5 ways museums are using technology for new experiences

3 min read

New technologies are enabling deep engagement, historical preservation, and a seamless visitor experience. Get the scoop on cutting-edge technologies already deployed in world-renowned museums today.


Museums are always looking for ways to make their exhibitions more exciting. Now, new technologies are making that easier.

From 3-D scanning and 3-D printing, to virtual reality and special apps, these technologies are being applied in a multitude of ways. Still other technologies are being tested and developed as museums seek to ever broaden public access.

"Where we used to have one way of visiting and experiencing a museum, people now expect a variety of ways," said Catherine Devine, chief digital officer at the American Museum of Natural History in New York City. "It's about exploring technologies."

A look at some of the ways museums are integrating and developing technologies to engage their audiences:



You can get lost in the giant American Museum of Natural History. Explorer, a new app, uses hundreds of Bluetooth hotspots to navigate visitors around its halls to artifacts that may interest them the most.

"Instead of saying 'turn at West 14th Street,' it says 'turn left at the huge mosquito, go through the green sign,'" said Devine. "From the app's point of view, you don't have to say where you are. Whenever you raise your phone, the thing you're immediately in front of is at the top of the app."

Devine said the app can also can customize visitors' tours. If a person selects "Really Big," for example, the app might take them to the museum's mammoth blue whale. Once there, layers of information are added, including animation, videos and fun facts like comparing the whale's weight to 1.6 million slices of pizza.



Museums are still exploring the many and varied applications of 3-D printing and 3-D scanning for their programing, research and gallery experience. Some are already using the latest 3-D printing technology to make replicas of historical artifacts to give visitors a new way to interact with the object without damaging the original.

3-D scanning tools also allow for detailed analysis of fragile specimens.

An example of that is an exhibition traveling around the country called "Mummies: New Secrets From the Tombs" organized by Chicago's Field Museum. It used a medical CT scanner to "unwrap" the mummies. Museum-goers can peek under the wrappings by manipulating large table-top computer scans placed alongside the delicate specimens to see their clothes, hairstyles and the jewelry they took to their graves.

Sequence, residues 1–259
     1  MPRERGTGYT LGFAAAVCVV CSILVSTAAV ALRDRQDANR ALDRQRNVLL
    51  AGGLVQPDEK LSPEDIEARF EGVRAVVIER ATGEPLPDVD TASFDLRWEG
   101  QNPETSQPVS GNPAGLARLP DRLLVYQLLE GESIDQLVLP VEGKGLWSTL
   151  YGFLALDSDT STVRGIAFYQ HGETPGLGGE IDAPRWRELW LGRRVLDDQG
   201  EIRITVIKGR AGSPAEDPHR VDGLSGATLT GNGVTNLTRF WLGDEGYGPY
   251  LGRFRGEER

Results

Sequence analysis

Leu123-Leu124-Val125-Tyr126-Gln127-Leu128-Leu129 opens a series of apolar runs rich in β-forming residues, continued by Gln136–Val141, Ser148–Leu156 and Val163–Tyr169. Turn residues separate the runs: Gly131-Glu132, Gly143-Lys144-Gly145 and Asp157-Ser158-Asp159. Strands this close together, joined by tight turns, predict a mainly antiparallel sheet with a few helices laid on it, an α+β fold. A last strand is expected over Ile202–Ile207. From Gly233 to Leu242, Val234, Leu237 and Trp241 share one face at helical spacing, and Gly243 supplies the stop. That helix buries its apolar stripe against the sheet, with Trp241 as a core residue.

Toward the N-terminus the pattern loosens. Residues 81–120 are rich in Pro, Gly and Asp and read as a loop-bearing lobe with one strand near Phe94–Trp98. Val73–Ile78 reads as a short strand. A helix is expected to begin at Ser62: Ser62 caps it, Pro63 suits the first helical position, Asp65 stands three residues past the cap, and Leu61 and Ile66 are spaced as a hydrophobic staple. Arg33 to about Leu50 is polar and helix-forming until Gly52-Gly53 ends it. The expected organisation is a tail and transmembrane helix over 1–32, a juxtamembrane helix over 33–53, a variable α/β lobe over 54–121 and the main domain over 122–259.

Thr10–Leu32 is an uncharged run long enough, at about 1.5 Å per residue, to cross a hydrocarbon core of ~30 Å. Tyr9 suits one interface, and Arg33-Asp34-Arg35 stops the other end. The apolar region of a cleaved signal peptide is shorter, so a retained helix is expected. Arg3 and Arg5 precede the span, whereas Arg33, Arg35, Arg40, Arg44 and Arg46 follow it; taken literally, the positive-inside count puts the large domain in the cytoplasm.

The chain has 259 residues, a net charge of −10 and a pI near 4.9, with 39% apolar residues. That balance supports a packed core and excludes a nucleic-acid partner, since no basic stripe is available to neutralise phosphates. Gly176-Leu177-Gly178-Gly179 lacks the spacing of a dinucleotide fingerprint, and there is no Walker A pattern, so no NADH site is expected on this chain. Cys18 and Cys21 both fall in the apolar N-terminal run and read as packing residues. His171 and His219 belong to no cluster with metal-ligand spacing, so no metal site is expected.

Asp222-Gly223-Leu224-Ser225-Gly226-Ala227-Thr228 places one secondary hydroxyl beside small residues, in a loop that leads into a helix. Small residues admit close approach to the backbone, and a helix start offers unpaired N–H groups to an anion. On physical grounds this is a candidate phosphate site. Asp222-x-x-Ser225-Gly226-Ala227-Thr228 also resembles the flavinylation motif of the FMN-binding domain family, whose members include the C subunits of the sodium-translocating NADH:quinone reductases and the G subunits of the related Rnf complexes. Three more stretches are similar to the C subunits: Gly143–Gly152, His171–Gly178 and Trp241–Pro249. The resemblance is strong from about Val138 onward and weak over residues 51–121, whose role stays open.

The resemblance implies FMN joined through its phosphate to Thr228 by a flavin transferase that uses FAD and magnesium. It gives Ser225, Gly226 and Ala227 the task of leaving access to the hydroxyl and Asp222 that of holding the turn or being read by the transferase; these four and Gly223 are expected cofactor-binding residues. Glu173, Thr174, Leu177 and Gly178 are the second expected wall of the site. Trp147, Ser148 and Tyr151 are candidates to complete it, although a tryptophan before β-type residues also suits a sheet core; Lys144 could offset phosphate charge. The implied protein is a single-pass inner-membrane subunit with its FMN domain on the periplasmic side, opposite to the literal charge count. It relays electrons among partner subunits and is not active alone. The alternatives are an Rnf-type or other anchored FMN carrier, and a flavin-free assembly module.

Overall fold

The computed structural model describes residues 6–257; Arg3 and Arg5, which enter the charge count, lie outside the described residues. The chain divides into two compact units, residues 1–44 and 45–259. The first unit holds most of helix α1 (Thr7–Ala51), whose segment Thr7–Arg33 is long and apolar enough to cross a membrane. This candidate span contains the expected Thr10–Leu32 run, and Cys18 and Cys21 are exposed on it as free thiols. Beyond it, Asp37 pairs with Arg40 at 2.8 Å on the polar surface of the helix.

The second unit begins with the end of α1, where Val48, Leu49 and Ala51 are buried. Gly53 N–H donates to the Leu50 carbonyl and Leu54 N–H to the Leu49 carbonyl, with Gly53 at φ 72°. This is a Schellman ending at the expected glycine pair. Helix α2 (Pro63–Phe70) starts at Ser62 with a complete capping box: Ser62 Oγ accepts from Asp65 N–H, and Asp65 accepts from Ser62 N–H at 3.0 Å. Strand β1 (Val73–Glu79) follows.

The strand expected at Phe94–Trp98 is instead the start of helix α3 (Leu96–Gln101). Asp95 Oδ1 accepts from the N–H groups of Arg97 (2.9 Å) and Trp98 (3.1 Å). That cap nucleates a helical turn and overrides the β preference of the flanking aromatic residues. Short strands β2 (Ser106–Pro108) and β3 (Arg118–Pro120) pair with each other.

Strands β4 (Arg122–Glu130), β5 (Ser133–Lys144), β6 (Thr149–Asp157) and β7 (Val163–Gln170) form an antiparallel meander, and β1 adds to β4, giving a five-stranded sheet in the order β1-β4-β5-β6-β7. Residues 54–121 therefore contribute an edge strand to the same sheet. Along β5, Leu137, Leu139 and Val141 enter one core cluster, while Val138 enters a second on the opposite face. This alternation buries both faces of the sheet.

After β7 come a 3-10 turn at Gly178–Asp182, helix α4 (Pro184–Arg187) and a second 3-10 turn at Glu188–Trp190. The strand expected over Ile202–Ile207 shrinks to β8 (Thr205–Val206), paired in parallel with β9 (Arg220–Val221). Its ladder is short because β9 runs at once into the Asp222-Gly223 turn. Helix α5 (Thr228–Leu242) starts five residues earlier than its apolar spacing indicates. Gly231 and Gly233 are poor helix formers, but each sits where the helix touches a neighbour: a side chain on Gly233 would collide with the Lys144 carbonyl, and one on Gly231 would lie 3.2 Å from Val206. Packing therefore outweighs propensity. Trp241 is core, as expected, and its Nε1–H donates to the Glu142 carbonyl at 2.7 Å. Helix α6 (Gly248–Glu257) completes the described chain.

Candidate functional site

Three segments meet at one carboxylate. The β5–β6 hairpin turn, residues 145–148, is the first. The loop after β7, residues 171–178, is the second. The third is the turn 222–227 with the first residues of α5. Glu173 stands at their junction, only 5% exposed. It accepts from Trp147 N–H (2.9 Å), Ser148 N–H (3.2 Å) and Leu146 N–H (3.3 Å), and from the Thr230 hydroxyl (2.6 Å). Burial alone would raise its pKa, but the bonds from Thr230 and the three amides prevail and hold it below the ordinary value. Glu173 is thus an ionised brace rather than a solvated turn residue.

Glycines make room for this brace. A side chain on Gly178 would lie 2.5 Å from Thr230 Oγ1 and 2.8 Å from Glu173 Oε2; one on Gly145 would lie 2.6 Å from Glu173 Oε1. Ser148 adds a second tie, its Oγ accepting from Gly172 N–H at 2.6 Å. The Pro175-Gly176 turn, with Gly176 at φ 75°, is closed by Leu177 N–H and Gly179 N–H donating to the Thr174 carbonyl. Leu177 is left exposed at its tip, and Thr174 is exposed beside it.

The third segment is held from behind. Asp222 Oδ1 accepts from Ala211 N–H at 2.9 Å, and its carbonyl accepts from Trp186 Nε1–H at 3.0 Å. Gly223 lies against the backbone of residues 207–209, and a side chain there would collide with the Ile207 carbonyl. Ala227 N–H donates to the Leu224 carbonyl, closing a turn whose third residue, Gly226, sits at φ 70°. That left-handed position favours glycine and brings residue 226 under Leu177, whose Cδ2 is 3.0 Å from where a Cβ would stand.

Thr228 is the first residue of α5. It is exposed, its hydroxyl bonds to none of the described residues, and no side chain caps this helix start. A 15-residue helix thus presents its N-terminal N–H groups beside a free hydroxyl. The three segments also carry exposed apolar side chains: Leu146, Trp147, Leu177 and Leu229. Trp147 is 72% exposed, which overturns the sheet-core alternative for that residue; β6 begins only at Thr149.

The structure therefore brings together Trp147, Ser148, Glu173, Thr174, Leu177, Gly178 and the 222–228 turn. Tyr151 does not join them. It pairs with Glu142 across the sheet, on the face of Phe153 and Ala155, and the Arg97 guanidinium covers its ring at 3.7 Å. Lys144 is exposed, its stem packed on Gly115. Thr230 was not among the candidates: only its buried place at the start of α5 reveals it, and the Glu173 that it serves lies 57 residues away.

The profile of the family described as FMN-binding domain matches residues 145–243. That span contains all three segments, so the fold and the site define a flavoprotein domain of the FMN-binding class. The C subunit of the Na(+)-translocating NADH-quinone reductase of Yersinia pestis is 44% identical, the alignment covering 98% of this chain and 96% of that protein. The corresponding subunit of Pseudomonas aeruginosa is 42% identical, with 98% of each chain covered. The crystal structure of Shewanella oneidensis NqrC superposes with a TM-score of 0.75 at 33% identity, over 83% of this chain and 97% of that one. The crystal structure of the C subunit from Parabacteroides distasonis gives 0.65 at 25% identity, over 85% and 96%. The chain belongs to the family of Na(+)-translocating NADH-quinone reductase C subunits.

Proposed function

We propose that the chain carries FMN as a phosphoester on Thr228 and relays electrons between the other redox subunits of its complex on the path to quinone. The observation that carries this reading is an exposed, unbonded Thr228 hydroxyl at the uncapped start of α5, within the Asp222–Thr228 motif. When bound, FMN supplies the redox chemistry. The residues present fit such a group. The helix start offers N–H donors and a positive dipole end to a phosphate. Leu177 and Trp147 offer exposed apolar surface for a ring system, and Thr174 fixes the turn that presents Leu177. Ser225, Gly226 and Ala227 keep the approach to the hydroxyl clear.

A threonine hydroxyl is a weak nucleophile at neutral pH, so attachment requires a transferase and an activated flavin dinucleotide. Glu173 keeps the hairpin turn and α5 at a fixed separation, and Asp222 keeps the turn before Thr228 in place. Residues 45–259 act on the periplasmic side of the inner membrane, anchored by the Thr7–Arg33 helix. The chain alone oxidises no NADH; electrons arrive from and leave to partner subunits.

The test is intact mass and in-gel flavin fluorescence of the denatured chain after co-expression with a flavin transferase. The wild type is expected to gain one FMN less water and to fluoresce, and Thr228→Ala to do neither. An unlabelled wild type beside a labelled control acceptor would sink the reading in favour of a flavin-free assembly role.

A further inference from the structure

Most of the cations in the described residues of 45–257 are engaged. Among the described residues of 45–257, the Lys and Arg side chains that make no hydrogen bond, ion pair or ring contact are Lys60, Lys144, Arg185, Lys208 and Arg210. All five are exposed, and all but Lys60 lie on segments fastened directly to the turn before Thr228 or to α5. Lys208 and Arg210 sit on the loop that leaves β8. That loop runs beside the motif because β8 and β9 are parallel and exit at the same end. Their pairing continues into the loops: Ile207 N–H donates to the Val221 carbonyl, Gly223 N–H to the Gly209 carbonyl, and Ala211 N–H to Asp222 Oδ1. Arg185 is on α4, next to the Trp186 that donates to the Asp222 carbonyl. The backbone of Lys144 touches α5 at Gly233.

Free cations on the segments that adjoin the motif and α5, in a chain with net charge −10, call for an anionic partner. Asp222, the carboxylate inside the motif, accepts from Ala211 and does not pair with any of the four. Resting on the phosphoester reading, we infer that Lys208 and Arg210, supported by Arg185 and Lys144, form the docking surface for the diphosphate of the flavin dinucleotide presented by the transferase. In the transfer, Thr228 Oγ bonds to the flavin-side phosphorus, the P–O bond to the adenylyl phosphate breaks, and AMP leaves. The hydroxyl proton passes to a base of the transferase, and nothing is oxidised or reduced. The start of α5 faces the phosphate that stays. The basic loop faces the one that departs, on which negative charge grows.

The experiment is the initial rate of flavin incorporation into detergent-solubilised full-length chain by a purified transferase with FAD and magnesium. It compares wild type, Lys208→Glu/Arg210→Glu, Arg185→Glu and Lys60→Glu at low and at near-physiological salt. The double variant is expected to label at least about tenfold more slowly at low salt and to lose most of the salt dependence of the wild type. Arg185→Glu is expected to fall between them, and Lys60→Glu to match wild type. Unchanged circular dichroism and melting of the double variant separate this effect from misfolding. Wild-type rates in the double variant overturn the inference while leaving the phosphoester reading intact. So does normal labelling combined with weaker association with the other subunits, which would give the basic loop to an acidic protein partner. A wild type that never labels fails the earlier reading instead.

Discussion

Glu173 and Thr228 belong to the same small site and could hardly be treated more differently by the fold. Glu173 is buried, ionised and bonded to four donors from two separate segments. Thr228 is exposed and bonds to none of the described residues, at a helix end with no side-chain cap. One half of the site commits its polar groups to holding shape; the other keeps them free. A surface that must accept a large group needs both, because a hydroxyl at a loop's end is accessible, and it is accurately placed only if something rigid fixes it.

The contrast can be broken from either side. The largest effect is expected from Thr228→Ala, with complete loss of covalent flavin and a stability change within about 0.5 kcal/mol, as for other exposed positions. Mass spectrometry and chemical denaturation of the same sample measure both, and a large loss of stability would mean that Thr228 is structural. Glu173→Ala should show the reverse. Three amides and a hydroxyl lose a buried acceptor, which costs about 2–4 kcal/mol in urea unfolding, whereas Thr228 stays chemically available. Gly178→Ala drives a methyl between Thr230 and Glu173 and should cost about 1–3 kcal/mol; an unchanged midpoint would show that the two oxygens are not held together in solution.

"The real power of 3-D scanning is that you have so many different potential outcomes," said Adam Metallo, who, with Vincent Rossi, leads the 3D digitization team at the Smithsonian's 19 museums and nine research centers.

You can make an exact replica of something for display or create a digital model for a touchscreen interactive that people can view outside the museum.

"We're interested in leveraging the technology to kind of take down the walls and provide unprecedented access," said Rossi.



Virtual reality, which utilizes special head gear to create the effects, can transport visitors to places they could never reach, like inside the human body or the bottom of the sea.

At the Franklin Institute in Philadelphia, visitors can explore a space shuttle and walk through the nuclear disaster site in Chernobyl with a virtual reality headset.

At a recent special event at the American Museum of Natural History, young visitors tested out virtual reality goggles that "shrank" them to the size of a beetle for a close-up view of the weevil's anatomy.

Virtual reality also extends museums' reach beyond their walls: With just a smartphone and a Google Cardboard low-tech headset viewer, students can go on a virtual museum field trip from anywhere in the world.



"Telepresence robots" – screens mounted on two long poles on wheels – use videoconferencing technology similar to Skype to connect visitors to expert information not quite available from a tour guide.

The American Museum of Natural History tried it out recently at a special event inside its Northwest Coast Indians Hall to beam an indigenous member of the remote Haida Gwaii community into the museum to talk with visitors.

And in the not-so-distant future, museum patrons will be able to ask questions to their smartphones about what to see and do during their visit.


This article was written by Ula Ilnytzky from The Associated Press and was legally licensed through the NewsCred publisher network. Please direct all licensing questions to legal@newscred.com.

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Ula Ilnytzky